This webinar was held on November 19, 2020. It focuses on the following questions facing court leadership teams. How can courts prevent short-term and urgent matters from getting in the way of preparing and planning for the future? Where can the digital revolution be accelerated to improve the court-2-customer/user experience? What are the issues and…
It is no wonder court leadership teams are experiencing “disruption fatigue.” The past seven months of COVID-19 and the many other persistent and looming uncertainties triggered by the pandemic have been challenging and exhausting. Admittedly, it’s hard to refocus on creating a better tomorrow when in the throes of surviving and adapting to immediate issues. Nevertheless, it is exactly what resilient organizations and leaders do. Courts are no exception.
Donald Trump asked Russia to find Hillary Clinton’s emails during the 2016 election, and special counsel Robert Mueller alleged Russians began attempting to gain access to Clinton campaign email accounts shortly thereafter. The ultimately successful email hacking was one element of wide-ranging Russian efforts to interfere in the last American presidential race, and the U.S. intelligence community has warned that Russia is reportedly meddling in the current election cycle as well. But national security lawyers say the Kremlin also is using both social and state-sponsored media to spread disinformation about the justice system with the goal of weakening American confidence in the rule of law.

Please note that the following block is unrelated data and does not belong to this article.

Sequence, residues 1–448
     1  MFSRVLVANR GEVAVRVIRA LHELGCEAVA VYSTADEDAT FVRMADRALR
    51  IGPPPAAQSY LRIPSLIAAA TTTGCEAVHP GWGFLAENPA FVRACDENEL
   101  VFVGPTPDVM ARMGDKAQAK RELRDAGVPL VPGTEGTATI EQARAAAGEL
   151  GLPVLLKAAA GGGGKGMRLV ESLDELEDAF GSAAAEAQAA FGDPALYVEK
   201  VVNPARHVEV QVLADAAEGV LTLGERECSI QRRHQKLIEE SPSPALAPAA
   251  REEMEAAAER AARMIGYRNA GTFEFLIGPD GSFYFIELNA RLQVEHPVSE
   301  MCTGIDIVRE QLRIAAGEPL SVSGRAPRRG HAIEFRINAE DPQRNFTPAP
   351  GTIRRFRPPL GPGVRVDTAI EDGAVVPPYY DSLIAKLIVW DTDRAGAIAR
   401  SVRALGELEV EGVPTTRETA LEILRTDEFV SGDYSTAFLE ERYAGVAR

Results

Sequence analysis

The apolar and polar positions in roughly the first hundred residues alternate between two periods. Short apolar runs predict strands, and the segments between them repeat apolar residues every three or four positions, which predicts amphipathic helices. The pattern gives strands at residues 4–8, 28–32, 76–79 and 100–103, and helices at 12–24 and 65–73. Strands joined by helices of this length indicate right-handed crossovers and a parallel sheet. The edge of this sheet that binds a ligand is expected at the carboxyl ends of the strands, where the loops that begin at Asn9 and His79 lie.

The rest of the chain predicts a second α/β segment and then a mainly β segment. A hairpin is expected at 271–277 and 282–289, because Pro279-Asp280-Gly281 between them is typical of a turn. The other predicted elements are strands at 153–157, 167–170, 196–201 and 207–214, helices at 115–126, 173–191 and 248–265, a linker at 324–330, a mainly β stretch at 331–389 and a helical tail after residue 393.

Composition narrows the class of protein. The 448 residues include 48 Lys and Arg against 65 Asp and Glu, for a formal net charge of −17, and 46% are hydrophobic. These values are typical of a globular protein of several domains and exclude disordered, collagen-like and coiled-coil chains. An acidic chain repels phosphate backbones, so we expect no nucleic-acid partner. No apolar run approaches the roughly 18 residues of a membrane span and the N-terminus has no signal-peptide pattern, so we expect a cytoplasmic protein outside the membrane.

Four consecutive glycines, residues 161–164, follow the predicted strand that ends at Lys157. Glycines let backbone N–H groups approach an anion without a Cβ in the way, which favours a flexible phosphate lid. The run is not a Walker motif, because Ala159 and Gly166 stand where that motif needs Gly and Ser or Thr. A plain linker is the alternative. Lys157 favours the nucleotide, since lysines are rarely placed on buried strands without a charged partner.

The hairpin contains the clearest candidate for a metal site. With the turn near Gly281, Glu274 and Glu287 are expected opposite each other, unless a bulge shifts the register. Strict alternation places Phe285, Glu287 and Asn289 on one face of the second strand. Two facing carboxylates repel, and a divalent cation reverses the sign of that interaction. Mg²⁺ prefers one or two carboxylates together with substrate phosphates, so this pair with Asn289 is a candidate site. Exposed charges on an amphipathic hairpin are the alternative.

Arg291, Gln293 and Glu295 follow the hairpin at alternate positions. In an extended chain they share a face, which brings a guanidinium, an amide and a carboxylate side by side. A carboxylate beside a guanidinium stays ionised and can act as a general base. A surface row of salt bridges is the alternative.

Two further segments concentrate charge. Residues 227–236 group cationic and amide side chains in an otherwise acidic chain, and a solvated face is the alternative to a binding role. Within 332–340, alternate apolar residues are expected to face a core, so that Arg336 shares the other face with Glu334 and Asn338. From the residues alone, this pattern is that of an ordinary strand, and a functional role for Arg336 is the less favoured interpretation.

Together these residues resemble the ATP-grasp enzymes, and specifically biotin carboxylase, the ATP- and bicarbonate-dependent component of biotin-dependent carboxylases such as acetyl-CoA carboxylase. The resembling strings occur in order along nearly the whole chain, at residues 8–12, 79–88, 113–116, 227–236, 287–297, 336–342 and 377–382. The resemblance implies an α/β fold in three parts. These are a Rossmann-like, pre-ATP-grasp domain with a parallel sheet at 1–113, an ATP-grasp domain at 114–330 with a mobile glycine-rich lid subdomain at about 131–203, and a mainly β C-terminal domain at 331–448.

Tyler Technologies, a major provider of software to state and local courts, reported last week that an unknown intruder broke into its phone and information technology systems. Tyler Odyssey Courts & Justice Solutions™ provides web-based, configurable software serving courts in more than 24 states, including 14 statewide implementations in the United States. According to Tyler marketing information, Odyssey software not only focuses on court case and scheduling management concerning such applications as party information, events, warrants, and fees/fines processing but also facilitates e-filing, online dispute resolution, jury selection and access to self-represented litigant processes.
This is the third in a series of webinars on combating systemic racism in trial courts. It was held on September 24, 2020. It centers on action plans and lessons learned by two court systems – Massachusetts and Oregon – in their efforts to tackle racism in their justice systems. Both states are at different points in their work and each brings a distinctive perspective to the challenge.
Most of the news about the postal service today is related to voting, but the reorganization of the postal service by the federal administration presents potential problems for trial courts, too. Recently, the National Center for State Courts’ Tiny Chat series, an array of bite-sized annotated videos touching on specific access to justice topics and overall court operations, presented a chat on how post office changes can negatively affect trial courts.